Can a Drug to Treat Parkinson’s Disease Also Prevent Macular Degeneration?

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The treatment of wet age-related macular degeneration (AMD) has – by all accounts – been revolutionized by the successful use of the injectable drugs Eylea, Lucentis, and Avastin. Successful treatments for dry AMD remain more elusive, although stem cell clinical trials in progress show promise. Despite these impressive treatment gains, however, methods for the prevention of AMD remain elusive.

At the 2015 Annual Meeting of the Association for Research in Vision and Ophthalmology (ARVO), a group of American researchers presented data suggesting that L-DOPA (levodopa), a drug used to treat Parkinson’s disease, may be useful in both preventing and delaying AMD. ARVO is an international organization that encourages and assists research, training, publication, and dissemination of knowledge in vision and ophthalmology, including low vision.

About the Research

This poster presentation at the ARVO annual meeting, entitled Inverse [i.e., the opposite or reverse] association between L-DOPA and age-related macular degeneration, was authored by Kamyar Vaziri, Stephen G. Schwartz, Thomas B. Connor, Andrew A. Moshfeghi, Darius M. Moshfeghi, Krishna S. Kishor, Harry W. Flynn, Joseph Carroll, Murray Brilliant, and Brian S. McKay, who represent the following institutions: Bascom Palmer Eye Institute, University of Miami Miller School of Medicine; Medical College of Wisconsin; Retina Associates of Kentucky; Stanford Byers Eye Institute, Palo Alto, CA; University of Wisconsin, Marshfield; and the University of Arizona.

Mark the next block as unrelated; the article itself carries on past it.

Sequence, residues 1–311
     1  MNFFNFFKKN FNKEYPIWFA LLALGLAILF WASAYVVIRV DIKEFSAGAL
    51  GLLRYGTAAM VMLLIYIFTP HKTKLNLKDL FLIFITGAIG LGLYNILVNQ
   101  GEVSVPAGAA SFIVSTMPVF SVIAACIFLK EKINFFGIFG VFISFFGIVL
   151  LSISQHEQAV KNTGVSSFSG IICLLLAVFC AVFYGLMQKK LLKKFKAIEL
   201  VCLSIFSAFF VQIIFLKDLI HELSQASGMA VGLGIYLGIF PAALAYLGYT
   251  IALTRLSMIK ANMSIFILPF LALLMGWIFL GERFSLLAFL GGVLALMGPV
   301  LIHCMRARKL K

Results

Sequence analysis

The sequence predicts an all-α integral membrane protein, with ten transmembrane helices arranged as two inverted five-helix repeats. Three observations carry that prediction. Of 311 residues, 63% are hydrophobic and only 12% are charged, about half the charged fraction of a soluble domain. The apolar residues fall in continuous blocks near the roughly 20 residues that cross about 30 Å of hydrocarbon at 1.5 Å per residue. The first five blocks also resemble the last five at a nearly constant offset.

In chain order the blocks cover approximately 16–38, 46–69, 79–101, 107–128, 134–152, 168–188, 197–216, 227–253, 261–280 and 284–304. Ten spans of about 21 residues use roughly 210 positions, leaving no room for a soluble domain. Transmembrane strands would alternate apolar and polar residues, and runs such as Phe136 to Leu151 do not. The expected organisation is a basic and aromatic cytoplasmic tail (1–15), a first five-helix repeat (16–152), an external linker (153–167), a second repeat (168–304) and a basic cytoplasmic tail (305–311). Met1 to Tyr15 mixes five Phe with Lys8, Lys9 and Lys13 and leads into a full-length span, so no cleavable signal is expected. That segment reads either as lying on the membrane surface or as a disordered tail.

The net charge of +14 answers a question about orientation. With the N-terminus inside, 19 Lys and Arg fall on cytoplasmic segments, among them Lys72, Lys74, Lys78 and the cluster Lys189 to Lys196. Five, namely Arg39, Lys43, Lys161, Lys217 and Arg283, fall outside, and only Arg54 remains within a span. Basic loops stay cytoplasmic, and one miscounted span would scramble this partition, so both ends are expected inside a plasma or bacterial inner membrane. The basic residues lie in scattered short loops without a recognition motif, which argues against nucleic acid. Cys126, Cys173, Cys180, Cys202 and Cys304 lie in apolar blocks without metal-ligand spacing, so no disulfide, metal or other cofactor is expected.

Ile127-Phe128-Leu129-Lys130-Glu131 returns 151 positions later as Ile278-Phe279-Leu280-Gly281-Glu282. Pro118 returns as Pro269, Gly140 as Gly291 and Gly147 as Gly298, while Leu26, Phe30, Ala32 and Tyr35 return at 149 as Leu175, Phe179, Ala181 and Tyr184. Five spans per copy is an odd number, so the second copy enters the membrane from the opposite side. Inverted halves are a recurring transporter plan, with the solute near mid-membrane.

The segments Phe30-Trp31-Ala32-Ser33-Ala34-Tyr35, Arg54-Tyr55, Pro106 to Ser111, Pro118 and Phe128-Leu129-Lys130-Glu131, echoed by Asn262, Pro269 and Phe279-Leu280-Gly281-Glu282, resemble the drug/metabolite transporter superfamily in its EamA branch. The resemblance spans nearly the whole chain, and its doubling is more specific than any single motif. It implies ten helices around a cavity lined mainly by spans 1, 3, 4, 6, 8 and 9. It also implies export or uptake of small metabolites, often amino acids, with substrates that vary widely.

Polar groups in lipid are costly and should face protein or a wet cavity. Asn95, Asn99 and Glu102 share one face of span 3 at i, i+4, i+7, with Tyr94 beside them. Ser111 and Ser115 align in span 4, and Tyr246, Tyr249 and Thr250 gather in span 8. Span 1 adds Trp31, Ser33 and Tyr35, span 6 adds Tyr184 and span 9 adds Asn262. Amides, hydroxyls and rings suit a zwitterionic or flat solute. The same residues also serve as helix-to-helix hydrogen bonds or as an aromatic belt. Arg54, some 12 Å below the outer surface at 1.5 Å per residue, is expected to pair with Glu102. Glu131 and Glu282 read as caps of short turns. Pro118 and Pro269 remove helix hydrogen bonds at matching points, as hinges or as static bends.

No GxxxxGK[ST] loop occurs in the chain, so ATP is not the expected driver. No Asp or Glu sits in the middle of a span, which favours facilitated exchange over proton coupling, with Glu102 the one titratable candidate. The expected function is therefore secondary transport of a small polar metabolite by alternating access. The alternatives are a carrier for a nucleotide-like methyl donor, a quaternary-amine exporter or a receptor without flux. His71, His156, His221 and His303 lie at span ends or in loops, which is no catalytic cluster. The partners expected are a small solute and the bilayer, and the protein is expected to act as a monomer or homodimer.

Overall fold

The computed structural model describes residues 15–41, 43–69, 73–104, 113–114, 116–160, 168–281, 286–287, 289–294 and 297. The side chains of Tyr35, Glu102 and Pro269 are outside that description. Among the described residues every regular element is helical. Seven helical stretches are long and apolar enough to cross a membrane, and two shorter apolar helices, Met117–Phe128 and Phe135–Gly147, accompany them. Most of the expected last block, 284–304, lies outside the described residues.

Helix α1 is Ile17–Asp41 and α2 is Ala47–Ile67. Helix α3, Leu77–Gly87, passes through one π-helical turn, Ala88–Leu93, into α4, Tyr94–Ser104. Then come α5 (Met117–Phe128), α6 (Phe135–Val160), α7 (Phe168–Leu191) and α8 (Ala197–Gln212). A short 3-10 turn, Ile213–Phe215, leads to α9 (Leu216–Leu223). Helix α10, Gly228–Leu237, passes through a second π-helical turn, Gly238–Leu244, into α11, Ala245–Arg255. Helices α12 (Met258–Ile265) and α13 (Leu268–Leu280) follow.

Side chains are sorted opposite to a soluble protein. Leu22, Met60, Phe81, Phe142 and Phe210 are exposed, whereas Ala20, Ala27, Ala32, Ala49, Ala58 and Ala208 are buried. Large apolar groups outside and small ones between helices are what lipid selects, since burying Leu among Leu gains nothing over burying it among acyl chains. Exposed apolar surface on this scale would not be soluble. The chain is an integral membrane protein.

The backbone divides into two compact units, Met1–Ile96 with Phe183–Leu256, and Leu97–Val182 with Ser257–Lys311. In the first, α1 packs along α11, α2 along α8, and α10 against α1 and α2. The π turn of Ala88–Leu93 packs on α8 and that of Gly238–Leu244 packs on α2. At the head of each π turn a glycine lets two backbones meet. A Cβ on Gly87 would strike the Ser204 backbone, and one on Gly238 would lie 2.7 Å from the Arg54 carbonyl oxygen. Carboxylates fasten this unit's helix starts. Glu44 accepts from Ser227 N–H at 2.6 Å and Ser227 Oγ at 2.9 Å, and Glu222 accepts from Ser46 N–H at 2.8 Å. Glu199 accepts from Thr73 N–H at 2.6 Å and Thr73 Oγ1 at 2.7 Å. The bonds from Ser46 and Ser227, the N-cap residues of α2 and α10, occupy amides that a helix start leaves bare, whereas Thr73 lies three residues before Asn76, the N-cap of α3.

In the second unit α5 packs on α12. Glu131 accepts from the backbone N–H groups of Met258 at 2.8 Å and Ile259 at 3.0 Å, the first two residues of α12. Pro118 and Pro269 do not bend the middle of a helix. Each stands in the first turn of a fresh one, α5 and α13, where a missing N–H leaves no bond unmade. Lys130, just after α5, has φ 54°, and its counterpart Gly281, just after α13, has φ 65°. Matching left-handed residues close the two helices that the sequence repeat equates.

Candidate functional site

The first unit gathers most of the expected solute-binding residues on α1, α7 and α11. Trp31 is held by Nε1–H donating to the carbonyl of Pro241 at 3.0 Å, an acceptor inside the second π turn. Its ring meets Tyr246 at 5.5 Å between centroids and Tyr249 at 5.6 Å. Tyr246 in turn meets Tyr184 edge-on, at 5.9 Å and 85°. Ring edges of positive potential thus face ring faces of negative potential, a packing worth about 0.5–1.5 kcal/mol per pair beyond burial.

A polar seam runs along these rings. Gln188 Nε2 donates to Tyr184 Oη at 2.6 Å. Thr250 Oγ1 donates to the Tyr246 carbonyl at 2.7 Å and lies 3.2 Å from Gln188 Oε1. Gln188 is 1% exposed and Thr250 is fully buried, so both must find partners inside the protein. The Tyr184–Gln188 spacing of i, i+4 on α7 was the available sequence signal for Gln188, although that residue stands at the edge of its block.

About Dry Macular Degeneration

The dry (also called atrophic) type of AMD affects approximately 80-90% of individuals with AMD. Its cause is unknown, it tends to progress more slowly than the wet type, and there is not – as of yet – an approved treatment or cure. “Atrophy” refers to the degeneration of cells in a portion of the body; in this case, the cell degeneration occurs in the retina.

In dry age-related macular degeneration, small white or yellowish deposits, called drusen, form on the retina, in the macula – the small sensitive area in the center of the retina that provides clear central vision – causing it to deteriorate or degenerate over time.

Photograph of a retina with drusen

A retina with drusen

Drusen are the hallmark of dry AMD. These small yellow deposits beneath the retina are a buildup of waste materials, composed of cholesterol, protein, and fats. Typically, when drusen first form, they do not cause vision loss. However, they are a risk factor for progressing to vision loss.

Geographic atrophy is the most severe and advanced form of dry AMD, involving patches of cells in the retina that have degenerated or died off. “Atrophy,” in this case, refers to the degeneration of the deepest cells of the retina, called the retinal pigment epithelium (RPE). “Geographic” refers to any condition whose shape resembles the irregular outline of a land mass, such as the atrophied portion of the retina.

Current treatments for dry AMD include a number of non-drug-related measures, including (a) nutritional supplements recommended by the Age-Related Eye Disease Study 2 (AREDS2), and (b) controlling a range of lifestyle factors, including diet, weight, blood pressure, smoking, and ultraviolet light exposure.

About Wet Age-Related Macular Degeneration (AMD)

retina with wet AMD

In wet, or exudative, macular degeneration (AMD), the choroid (a part of the eye containing blood vessels that nourish the retina) begins to sprout abnormal new blood vessels that develop into a cluster under the macula, called choroidal neovascularization or CNV (neo = new; vascular = blood vessels).

The macula is the part of the retina that provides the clearest central vision. Because these new blood vessels are abnormal, they tend to break, bleed, and leak fluid under the macula, causing it to lift up and pull away from its base. This damages the fragile photoreceptor cells, which sense and receive light, resulting in a rapid and severe loss of central vision.